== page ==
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Brain area responsible for eye movements also involved in seeing

A brain area we share with fish and reptiles is involved not only in eye movements, but also in transmitting information to the visual cortex. This finding has helped researchers to understand better how our brain interprets images and turns this into actions. The results of the study have been published in Nature Communications.

It had been thought that a specific brain area, the superior colliculus, was only involved in the control of eye movements, but with this study scientists Mehran Ahmadlou and Alexander Heimel of the Netherlands Institute of Neuroscience and some colleagues from the University of Washington show that the colliculus itself transmits the processed information to the visual cortex.

Seeing

The eye is connected to various brain areas. Most of these connections run via the centre of the brain to the visual cortex at the back of the brain, where the image of the retina is converted into what can be seen where. There are also connections from the eye to the superior colliculus. In humans this is an important area for making eye movements. The colliculus receives messages from the cortex about places that are worth directing the eyes at. It also uses the direct information from the eye to determine where the gaze should be directed.

Reinforcing the processing

When the researchers very briefly disabled the colliculus in mice, by means of light and genetic techniques, the activity in the visual cortex also diminished. The colliculus can thus use this to reinforce the processing of interesting spots in the image in the visual cortex so that they can be analysed more quickly and more accurately.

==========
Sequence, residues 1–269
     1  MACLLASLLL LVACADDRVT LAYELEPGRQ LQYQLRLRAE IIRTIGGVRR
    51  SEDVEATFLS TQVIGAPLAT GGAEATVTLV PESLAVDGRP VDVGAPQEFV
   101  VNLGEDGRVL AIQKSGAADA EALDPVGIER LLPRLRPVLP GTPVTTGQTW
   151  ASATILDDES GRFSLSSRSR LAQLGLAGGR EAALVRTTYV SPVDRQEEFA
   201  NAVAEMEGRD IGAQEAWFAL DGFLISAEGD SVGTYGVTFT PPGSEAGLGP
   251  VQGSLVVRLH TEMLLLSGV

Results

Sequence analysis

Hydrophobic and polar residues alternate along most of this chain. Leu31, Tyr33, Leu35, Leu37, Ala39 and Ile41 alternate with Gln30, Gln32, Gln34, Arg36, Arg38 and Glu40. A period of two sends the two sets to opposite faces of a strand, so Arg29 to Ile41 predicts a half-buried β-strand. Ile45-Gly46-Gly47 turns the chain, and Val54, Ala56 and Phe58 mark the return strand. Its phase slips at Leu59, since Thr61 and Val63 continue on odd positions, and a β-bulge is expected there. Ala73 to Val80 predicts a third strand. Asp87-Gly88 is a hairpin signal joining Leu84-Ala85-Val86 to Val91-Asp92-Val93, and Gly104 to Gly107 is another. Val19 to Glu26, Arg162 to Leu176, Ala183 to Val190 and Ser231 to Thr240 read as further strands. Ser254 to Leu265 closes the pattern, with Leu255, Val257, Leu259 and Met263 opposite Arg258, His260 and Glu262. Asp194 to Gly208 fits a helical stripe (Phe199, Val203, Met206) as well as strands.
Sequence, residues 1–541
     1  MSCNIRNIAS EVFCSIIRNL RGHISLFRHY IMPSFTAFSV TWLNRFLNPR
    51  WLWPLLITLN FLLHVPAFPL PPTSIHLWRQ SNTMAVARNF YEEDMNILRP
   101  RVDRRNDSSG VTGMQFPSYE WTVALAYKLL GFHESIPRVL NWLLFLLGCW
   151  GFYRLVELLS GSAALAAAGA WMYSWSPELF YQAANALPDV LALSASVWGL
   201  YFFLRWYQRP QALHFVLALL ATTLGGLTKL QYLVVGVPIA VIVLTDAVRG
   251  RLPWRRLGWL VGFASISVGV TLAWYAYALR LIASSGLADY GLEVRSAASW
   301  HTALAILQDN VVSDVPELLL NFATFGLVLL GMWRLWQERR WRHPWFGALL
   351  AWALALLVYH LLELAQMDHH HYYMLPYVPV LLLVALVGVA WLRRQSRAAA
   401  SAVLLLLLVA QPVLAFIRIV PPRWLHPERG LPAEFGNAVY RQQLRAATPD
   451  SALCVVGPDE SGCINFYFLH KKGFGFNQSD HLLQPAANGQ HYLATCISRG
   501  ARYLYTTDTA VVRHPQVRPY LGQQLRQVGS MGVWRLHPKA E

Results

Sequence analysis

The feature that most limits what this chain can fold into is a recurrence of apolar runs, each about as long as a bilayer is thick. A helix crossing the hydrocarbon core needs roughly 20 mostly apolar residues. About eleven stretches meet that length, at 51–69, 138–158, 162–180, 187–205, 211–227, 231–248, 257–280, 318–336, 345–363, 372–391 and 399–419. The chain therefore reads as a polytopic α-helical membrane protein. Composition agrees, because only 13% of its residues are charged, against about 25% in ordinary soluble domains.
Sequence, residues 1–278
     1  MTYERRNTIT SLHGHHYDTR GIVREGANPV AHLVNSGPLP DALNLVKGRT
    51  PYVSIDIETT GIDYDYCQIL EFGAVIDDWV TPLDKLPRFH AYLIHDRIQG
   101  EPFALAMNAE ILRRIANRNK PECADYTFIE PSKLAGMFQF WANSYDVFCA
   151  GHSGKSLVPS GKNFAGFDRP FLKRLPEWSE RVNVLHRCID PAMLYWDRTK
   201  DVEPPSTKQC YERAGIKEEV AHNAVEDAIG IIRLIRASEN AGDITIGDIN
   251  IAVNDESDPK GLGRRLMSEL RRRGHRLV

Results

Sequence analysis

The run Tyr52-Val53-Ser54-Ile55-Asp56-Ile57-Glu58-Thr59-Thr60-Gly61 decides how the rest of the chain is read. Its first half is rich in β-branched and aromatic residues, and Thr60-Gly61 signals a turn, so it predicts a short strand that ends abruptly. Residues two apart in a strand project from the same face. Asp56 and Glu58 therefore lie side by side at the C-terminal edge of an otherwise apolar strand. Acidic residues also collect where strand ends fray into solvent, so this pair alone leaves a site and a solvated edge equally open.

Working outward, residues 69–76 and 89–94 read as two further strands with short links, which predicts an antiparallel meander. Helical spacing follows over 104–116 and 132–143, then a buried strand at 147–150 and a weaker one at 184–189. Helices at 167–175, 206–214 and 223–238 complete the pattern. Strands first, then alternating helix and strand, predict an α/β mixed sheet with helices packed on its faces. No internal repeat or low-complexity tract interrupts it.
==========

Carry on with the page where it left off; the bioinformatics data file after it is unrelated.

This finding contributes to an understanding of the workings of the eyes and the brain.

 

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Heimel Group

The microstructure of the cerebal cortex is remarkably similar and conserved across mammalian species. Width, lamination, neuronal cell types, connectivity, all show some species differences, but the overarching picture is one of similarity. That the same structure excels in interpreting speech, touch, vision and many other types of sensory information, suggests a circuit with amazingly adaptive information processing prowess. This has been known and appreciated for more than a century, but in the last few years the introduction of optical tools to observe and manipulate the thinking brain is promising to bring much better understanding of this marvelous structure. We are using electrophysiology, optogenetics, structural imaging, intrinsic signal imaging and calcium imaging to study the circuitry and function of mouse visual cortex and its interplay with other brain areas such as the thalamus and superior colliculus.

More background is available in a interview in Dutch with Malou van Hintum.

A recent list of all publications in English can be found at Google Scholar.

Also check out: News from the lab

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